Audi A8 Hybrid

We put petrol-electric Audi A8 Hybrid through its paces as German firm promotes its eco-friendly credentials

Overall Auto Express Rating

3.0 out of 5

The A8 Hybrid is a great technological showcase. It’s smooth and comfortable, and proves that Audi’s petrol-electric technology demands few compromises. Although the 3.0-litre TDI quattro is a better all-rounder on the road, and feels much faster, the Hybrid is still good to drive while offering much lower running costs.

The A8 Hybrid will be the first petrol-electric Audi to hit the UK, and promises big efficiency figures from the smallest engine ever fitted to the flagship limo.

The 208bhp 2.0-litre TFSI turbo petrol engine is joined by a 1.3kWH electric motor, giving a total of 241bhp and 480Nm of torque. Audi says the system provides 44.8mpg fuel economy and 147g/km CO2 emissions. This is on par with an A4 2.0 TFSI auto and undercuts the A8 3.0 TDI’s 42.8mpg and 174g/km.

The hybrid set-up sees the electric mounted motor behind the engine, where the torque converter would normally be (it’s replaced by a dual-clutch auto). The motor runs off a lithium-ion battery pack, above the rear axle. This weighs only 36.7kg, so doesn’t upset the A8’s handling; the car is agile, despite its 1,870kg kerbweight.

But the extra weight does affect the performance in a straight line: the Hybrid takes 1.6 seconds longer than the A8 3.0 TDI diesel to cover 0-62mph, posting a time of 7.7 seconds.

Throttle response isn’t very sharp; it makes you wonder if the car really does have all the torque Audi claims. The front wheels are driven through an eight-speed box – this is the first front-drive A8 – and the car switches seamlessly between its three driving modes at the touch of a button.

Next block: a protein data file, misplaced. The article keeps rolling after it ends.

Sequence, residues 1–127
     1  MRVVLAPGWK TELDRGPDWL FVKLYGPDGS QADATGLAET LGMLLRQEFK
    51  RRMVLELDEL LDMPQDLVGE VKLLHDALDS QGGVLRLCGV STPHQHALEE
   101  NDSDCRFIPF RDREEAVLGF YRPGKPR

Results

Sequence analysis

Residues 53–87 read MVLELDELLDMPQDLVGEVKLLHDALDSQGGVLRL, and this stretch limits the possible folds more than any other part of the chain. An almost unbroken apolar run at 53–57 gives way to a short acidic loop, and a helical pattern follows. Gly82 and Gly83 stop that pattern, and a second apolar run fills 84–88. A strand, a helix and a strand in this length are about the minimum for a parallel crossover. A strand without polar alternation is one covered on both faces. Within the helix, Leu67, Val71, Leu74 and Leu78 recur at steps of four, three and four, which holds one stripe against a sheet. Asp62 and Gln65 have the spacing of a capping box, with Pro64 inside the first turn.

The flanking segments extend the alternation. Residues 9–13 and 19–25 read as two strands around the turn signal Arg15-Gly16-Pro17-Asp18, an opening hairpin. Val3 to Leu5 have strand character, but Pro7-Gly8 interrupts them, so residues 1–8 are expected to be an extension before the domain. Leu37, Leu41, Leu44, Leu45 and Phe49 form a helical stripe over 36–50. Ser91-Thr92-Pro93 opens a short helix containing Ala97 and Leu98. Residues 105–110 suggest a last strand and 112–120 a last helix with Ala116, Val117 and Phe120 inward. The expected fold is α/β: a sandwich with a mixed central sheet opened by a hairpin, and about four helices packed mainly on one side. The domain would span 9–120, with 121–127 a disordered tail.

In full electric mode, the Hybrid can travel up to 1.8 miles and hit 62mph. Select D, and the most efficient power source is chosen for the conditions, while S offers maximum power. But when you pull away, the car initially uses electric power; the engine kicks in when the batteries run down. A dash meter shows battery charge and regenerative braking energy.

The A8 Hybrid still has luxuries like leather, a Bose stereo and three-zone climate control, plus LED lights and unique 19-inch alloys. Prices have yet to be released, but Audi is positioning the Hybrid as an alternative to the 3.0 TDI, which starts at £56,610.

Cost is where this car makes sense. It’s more efficient and costs less to run as a company car than any other A8. Standard and long-wheelbase versions are due in the UK early next year.

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